Volkswagen, China's JAC in talks to make electric cars

Volkswagen, China's JAC in talks to make electric cars
In this Oct. 5, 2015, file photo, the VW sign of Germany's Volkswagen car company is displayed at the building of a company's retailer in Berlin. Volkswagen Truck & Bus, an arm of the German automaker Volkswagen, is buying a minority stake in Navistar. The two companies also said Tuesday, Sept. 6, 2016, that they will enter a procurement joint venture that will help source parts for both businesses. (AP Photo/Markus Schreiber, File)

German automaker Volkswagen said Wednesday it is in talks about forming a joint venture to develop electric vehicles with China's Anhui Jianghuai Automobile, or JAC.

The move is part of Volkswagen's new push into electric vehicles after its reputation was damaged by a scandal over rigged to cheat on emissions testing. Volkswagen aims to come up with 30 new models over the next ten years.

Electric vehicles so far are not a major part of the global car market. But companies are working on them in hopes that battery range will improve, and to meet tougher emissions standards.

Volkswagen said it had signed a memorandum of understanding Tuesday with Jianghuai to evaluate the possibility of joining forces. No financial details were disclosed.

The announcement also follows Chinese government policy changes to spur electric vehicle development. Communist leaders see as an opportunity for China, the biggest auto market by number of units sold, to seize a leading role in a fledgling industry with no established competitors.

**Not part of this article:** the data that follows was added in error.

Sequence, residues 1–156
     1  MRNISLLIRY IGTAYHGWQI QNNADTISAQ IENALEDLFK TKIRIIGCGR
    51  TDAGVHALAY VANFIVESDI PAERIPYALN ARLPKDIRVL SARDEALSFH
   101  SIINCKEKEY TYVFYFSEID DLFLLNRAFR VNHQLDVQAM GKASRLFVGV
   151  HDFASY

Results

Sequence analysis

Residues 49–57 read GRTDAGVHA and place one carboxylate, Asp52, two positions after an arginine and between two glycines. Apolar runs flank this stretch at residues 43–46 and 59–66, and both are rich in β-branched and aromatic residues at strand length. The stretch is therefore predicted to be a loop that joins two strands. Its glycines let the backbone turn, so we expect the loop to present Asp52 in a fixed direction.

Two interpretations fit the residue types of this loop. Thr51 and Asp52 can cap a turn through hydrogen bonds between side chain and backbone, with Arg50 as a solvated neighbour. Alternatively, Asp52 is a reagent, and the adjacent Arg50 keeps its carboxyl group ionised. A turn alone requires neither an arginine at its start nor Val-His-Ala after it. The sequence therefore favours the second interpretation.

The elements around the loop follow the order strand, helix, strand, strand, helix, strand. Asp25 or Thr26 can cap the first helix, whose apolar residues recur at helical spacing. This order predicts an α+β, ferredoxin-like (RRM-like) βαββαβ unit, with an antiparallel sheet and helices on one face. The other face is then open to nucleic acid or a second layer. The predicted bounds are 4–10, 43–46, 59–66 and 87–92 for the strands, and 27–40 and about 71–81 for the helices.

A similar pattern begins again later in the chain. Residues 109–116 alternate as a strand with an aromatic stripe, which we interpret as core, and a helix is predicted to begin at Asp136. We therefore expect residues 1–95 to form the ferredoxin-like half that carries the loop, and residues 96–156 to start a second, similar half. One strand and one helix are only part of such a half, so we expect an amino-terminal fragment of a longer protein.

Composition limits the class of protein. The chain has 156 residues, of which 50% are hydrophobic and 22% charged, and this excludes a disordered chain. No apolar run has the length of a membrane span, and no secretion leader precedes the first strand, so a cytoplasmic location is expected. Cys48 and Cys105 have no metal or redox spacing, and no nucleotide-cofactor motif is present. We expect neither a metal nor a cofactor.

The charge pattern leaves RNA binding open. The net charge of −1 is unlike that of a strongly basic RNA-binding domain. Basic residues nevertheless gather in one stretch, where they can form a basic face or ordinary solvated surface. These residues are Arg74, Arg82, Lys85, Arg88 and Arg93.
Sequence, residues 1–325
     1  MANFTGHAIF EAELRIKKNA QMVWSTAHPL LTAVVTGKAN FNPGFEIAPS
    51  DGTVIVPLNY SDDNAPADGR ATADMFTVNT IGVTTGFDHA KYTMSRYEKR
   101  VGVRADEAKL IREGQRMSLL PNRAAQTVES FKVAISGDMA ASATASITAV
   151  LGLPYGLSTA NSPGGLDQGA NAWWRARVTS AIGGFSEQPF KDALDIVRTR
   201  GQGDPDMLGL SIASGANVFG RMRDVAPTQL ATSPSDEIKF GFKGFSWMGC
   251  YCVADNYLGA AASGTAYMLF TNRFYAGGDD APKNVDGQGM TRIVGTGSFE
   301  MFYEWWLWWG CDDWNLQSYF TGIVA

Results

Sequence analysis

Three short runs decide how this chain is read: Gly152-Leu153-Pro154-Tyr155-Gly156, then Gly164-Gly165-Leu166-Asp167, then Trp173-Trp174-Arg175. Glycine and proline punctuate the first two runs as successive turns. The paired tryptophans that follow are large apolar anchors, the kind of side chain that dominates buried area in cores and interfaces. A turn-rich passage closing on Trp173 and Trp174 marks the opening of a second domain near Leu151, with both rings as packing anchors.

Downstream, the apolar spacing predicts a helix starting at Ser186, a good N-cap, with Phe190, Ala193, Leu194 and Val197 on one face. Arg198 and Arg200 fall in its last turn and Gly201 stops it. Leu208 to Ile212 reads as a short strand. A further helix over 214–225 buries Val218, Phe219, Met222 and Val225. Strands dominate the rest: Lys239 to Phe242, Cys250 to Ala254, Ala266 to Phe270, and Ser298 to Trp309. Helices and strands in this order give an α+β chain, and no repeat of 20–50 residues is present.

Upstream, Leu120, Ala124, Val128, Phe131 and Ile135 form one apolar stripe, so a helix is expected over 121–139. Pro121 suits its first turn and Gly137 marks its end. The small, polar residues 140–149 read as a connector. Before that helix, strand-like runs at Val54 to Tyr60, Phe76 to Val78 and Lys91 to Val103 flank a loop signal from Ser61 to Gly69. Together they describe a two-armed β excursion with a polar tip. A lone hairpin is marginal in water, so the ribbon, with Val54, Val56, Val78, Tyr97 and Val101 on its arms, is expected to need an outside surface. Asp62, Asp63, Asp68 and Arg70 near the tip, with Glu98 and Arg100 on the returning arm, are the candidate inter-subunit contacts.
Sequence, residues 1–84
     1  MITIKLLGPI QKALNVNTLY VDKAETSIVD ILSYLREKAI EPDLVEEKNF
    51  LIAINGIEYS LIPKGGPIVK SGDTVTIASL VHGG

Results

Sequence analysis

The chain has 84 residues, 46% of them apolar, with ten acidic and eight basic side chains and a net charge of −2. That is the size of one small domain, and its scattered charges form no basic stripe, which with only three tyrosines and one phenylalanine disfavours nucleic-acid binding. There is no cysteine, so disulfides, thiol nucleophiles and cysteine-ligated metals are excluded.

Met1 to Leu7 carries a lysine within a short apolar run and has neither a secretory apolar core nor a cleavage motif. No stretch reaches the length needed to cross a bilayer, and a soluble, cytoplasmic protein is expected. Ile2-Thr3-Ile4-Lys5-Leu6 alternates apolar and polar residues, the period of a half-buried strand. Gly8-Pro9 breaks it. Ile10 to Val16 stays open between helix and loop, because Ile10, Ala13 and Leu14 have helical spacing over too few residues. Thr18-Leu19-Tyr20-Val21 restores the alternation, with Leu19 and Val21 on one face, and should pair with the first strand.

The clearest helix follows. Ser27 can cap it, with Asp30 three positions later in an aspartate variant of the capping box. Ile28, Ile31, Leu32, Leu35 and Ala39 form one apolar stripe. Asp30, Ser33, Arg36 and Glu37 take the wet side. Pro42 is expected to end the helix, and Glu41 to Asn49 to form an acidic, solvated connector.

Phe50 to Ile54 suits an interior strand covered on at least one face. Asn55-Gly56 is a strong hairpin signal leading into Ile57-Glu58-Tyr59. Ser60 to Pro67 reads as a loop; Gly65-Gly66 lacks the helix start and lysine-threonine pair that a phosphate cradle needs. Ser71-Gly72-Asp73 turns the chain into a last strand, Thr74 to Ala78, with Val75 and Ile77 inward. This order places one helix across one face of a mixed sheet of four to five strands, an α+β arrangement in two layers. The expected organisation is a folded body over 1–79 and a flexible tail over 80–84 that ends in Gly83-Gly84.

Beijing said last year automakers will be allowed to create separate electric vehicle brands that will face less complex ownership and other regulations than traditional internal combustion manufacturers. That has allowed a flurry of Chinese technology companies with no auto background to obtain licenses to build electric cars.

"They want to raise the technical capabilities of the sector and for that they want better-quality players to enter the sector," said Namrita Chow, an analyst with IHS Automotive.

Chinese buyers have been put off by the limited travel range of electrics and reports of batteries catching fire. But the government is trying to encourage sales by offering incentives, including exemption from sales taxes and quotas on new license plates.

Jianghuai is little-known abroad but ranks No. 9 among auto brands in China in total number of cars and SUVs sold. The company already sells an all-electric sedan, the iEV.

Demand in China for all-electric models is modest but Jianghuai said iEV sales in April, the latest month reported, rose 400 percent to 2,331 vehicles. First quarter sales were 4,410 units.

Jianghuai's total sales of cars, trucks and SUVs in the first seven months of 2016 rose 11.4 percent over a year earlier to 370,000 units, according to the China Association of Automobile Manufacturers, an industry group.

"Jianghuai already is quite a player in China," said Chow.

The company announced an agreement in April to provide manufacturing for NextEV, a startup electric car brand backed by Chinese technology companies. The first cars are due out next year.


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